NSE allays fear over MTN Nigeria
The Nigerian Stock Exchange ( NSE ) has clarified that MTN Nigeria met all listing requirements and there is nothing technically inappropriate about its pricing trend.
The NSE noted that MTN Nigeria listed by Introduction. Where a company lists following an Initial Public Offering, shares are expected to be available for trading on the day of listing. In a Listing by Introduction, however, no shares have been offered for subscription by the company prior to listing.
Thus, without any intervention, it is possible that there will be no shares available for trading on the listing date. Indeed, currently, no rule of the Exchange compels shareholders in a listed company to tender their shares for trading. Shareholders are at liberty to trade their shares at any time and price suitable to them.
Thus, in order to stimulate trading in the shares of companies that List by Introduction, the NSE’s practice is to urge the company to make shares available on the day of listing. In the case of MTN Nigeria, the NSE had requested the Company as part of the listing process to make shares available and The Exchange expects the company to do that.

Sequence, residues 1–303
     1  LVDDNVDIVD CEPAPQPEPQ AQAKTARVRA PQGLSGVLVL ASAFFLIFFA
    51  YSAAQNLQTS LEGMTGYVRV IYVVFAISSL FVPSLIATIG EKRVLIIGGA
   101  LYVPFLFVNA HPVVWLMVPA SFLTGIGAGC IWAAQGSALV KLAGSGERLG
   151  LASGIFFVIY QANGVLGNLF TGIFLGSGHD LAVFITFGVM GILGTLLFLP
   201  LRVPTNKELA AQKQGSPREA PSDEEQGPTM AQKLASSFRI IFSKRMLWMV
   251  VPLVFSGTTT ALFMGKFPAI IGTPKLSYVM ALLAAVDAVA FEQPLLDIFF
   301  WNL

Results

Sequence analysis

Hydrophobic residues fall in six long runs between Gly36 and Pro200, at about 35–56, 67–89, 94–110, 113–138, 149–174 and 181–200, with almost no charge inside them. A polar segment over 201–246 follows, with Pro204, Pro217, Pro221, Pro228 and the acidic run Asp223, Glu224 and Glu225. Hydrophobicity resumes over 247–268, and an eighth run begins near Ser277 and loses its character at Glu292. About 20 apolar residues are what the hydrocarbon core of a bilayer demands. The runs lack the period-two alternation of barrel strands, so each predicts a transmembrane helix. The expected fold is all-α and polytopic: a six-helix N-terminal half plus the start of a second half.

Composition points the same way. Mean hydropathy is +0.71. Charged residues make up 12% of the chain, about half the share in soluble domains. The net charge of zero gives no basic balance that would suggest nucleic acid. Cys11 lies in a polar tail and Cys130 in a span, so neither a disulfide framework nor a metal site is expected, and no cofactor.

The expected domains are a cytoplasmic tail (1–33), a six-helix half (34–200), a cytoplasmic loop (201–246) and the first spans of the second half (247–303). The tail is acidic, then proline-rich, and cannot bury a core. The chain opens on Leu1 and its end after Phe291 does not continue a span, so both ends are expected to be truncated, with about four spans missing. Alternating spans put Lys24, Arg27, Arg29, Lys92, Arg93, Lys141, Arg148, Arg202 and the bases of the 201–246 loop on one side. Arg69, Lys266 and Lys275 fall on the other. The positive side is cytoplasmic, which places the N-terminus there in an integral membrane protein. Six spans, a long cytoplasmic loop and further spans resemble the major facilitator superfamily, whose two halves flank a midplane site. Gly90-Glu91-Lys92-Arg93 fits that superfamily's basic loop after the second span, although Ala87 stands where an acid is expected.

According to NSE, since the listing of MTN Nigeria on Thursday, May 16, 2019, a total of 105,301,759 shares valued at N12, 231,997,316 have traded in three (3) days. These trades were carried out by ten (10) Dealing Member Firms in 134 cross deals/negotiated deals.
According to the Rulebook of The Exchange, when a Dealing Member or Authorized Clerk has an order to buy and an order to sell the same security at the same price, the Dealing Member or Authorized Clerk may “cross” those orders at a price at or within The Exchange’s best bid or offer.
A variant of this is the negotiated deal, which describes a situation where a cross deal is executed between two Dealing Member Firms at a price which may be within The Exchange’s best bid or offer or with the approval of The Exchange, outside the best bid or offer.
Because cross deals involve clients of the same Dealing Member Firm on both sides of a trade, significant issues have been raised that Dealing Members who have not been involved in the cross deals have been unable to trade on behalf of their clients.
The Exchange is not
unconcerned about this state of affairs. Indeed, Council members of The
Exchange urged brokers to discuss with their clients about possible sales of